White House to unveil proposals for mortgage market reform

By Corbett B. Daly

Fri Feb 11, 2011 1:02am EST

WASHINGTON Feb 11 (Reuters) - The Obama administration on
Friday will unveil long-awaited proposals for what could lead to
the most sweeping changes to the way Americans buy their homes
in decades.

The housing "white paper" presents three different visions
for replacing mortgage finance giants Fannie Mae and
Freddie Mac , which are set to be slowly wound down.

The paper does not make a single recommendation, but broadly
outlines alternative possibilities to reduce the government's
role in the mortgage market.

That strategy aims to "open a dialogue with Republicans that
would lead to a consensus outcome within a couple of years,"
said Michael Barr, a professor at the University of Michigan and
a former Treasury Department official.

Fannie Mae and Freddie Mac buy up mortgages made to certain
standards and sell them to investors to free up cash for lenders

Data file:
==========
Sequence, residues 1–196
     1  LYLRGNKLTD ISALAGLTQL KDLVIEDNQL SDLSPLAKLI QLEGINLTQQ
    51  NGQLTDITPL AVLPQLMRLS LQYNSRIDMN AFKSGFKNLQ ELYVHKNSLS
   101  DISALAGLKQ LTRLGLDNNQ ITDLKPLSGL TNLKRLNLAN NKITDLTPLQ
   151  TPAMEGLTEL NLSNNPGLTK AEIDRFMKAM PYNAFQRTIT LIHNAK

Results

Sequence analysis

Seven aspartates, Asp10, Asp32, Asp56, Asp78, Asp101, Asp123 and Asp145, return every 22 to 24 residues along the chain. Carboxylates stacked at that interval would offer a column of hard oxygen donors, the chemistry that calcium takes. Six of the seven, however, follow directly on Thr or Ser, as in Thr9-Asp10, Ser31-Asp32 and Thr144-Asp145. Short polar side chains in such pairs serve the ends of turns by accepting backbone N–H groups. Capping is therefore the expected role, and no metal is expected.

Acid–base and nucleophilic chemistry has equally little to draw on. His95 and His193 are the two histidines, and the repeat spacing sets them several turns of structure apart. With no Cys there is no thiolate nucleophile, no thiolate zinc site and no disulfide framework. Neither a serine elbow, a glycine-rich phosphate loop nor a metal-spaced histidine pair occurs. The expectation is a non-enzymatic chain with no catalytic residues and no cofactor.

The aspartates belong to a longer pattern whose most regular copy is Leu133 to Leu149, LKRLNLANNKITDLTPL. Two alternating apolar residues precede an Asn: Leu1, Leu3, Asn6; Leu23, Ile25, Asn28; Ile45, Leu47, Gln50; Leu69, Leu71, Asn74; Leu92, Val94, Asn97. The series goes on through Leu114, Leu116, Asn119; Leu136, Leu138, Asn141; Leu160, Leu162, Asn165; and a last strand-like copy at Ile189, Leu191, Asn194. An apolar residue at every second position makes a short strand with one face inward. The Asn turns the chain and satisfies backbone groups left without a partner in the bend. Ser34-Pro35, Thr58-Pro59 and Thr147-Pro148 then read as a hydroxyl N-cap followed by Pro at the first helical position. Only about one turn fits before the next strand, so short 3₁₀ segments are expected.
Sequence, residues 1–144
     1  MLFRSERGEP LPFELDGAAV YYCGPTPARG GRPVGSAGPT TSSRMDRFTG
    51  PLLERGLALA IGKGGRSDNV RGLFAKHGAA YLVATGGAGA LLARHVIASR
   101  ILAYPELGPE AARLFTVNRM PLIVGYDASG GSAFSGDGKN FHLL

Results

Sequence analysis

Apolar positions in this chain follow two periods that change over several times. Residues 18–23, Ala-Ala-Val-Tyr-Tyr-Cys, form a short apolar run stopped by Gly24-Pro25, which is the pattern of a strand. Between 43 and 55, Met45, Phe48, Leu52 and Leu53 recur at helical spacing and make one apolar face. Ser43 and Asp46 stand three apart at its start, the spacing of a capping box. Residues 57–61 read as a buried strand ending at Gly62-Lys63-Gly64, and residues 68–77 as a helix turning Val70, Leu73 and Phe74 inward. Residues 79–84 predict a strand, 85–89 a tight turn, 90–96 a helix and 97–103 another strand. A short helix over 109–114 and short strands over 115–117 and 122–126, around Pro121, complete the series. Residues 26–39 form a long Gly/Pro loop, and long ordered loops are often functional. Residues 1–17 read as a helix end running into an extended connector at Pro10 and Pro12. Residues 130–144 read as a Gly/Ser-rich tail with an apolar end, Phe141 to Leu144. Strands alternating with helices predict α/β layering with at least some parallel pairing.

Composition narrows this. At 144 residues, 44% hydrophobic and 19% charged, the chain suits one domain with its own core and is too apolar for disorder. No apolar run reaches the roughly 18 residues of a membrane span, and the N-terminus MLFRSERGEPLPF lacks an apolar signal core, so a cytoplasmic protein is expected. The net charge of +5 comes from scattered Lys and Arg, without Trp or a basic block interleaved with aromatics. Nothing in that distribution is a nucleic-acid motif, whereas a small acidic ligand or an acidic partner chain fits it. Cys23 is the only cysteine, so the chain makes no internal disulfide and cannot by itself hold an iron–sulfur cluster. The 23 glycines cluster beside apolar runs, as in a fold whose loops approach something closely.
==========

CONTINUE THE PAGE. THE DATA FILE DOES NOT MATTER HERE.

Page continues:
to lend again.

The two firms were seized by the Bush administration in late
2008 amid mounting losses from loans gone terrible and have since
taken more than $150 billion in taxpayer aid.

Senate Democrats will have to come to an agreement on any
long-term solution with Republicans who took control of the
House of Representatives in January.

Texas Representative Jeb Hensarling wants to eliminate
Fannie Mae and Freddie Mac within five years, allowing the
private sector to take over the government role.

The fourth highest reputation House Republican has not yet
formally introduced his bill to do that, and it is unclear when
he might do so.

Democrats are generally more supportive of a government role
in the mortgage market and argue that removing the centralized
backstop for mortgages would make loans more expensive and price
many middle class Americans out of home ownership.

"I want to make sure the window of opportunity for home
ownership isn't closing for the next generation of homeowners,"
said John Taylor, chief executive of the National Community
Reinvestment Coalition, an association of community-based groups
that promote access to basic banking air force for working

The housing industry, counting real estate agents,
homebuilders and mortgage bankers is also supportive of some
government role for backstopping mortgages and have already
started approaching back against some of the most aggressive
privatization proposals.

(Reporting by Corbett B. Daly; Editing by Phil Berlowitz)

Source: Reuters.Com